Some years ago a co-worker lent me tapes of lectures given by a history professor in Oregon. Her sister was taking the class and was fascinated by his take on American History. He was wonderful, informative, funny. When he talked about the exams coming up, I knew I wouldn’t be taking them.
That experience planted a seed with me. I don’t have a long commute, and now that I’m retired, I don’t commute at all. When I was working I loved the books on tape. When books on CD came out it was even better, because I didn’t have to worry about the tape breaking and tangling. One of the first books I took from the library was the first volume of the Balkan Trilogy, by Olivia Manning. The second and third volumes were harder to find, but by the time I did I was thoroughly hooked on the idea that even short commutes were opportunities to listen and learn.
By the time I retired from my city job and gone to work (you guessed it!) at the library, I had learned that books on tape or CD could be brought indoors – I did not have to drive around just to hear what was going to happen next.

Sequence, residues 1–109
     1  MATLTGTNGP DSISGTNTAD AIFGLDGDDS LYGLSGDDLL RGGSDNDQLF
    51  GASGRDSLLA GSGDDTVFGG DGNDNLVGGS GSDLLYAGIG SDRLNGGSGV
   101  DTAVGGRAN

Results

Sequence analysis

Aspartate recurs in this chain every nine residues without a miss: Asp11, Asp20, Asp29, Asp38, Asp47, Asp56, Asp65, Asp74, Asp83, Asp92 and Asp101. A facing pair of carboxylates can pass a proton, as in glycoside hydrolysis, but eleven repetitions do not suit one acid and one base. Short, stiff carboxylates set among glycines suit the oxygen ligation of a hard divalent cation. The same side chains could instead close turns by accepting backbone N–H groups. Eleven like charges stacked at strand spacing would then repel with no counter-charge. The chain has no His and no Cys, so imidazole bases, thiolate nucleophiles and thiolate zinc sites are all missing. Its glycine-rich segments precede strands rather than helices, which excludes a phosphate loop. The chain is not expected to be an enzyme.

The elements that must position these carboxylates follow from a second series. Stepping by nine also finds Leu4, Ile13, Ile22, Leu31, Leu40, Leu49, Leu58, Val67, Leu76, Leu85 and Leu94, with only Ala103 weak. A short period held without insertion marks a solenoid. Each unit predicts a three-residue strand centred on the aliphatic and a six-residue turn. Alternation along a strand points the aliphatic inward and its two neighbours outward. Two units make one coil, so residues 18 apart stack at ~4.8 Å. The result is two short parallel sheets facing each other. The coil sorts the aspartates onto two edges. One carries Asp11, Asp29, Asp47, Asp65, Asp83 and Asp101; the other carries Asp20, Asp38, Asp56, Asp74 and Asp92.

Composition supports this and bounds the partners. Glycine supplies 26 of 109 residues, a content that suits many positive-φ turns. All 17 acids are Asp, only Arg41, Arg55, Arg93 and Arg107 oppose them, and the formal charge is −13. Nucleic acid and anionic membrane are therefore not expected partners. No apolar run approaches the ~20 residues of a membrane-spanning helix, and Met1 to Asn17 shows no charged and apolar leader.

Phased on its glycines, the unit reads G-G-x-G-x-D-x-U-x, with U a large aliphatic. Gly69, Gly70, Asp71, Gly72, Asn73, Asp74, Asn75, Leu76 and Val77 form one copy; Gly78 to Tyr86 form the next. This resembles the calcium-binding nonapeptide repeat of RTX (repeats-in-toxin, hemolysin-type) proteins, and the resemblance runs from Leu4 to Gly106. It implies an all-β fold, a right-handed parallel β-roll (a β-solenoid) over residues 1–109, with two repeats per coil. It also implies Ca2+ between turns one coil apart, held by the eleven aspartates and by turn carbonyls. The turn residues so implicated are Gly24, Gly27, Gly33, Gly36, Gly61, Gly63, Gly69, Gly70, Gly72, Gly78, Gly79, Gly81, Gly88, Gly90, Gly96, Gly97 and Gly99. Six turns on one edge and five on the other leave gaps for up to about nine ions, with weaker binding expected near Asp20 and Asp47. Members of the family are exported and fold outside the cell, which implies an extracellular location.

Then a misaddressed catalogue arrived from “The Teaching Company” (www.Teach12.com). Remembering those history tapes, I spent an afternoon studying the catalogue before I put it in the right mailbox. The catalogue announced a special sale on certain courses, if I ordered right away. (There are always some courses on sale, but I didn’t know that then). I was hooked. The courses ranged from Biblical History to Physics for the Non-Physicist, to the Symphonies of Beethoven (and so much more!). Now I am addicted. I have studied the Divine Comedy by Dante and the History of the Supreme Court. I have watched videos on the History of the Universe and the History of Western Art. I have been, through these courses, in the lecture halls of colleges and universities all over the country.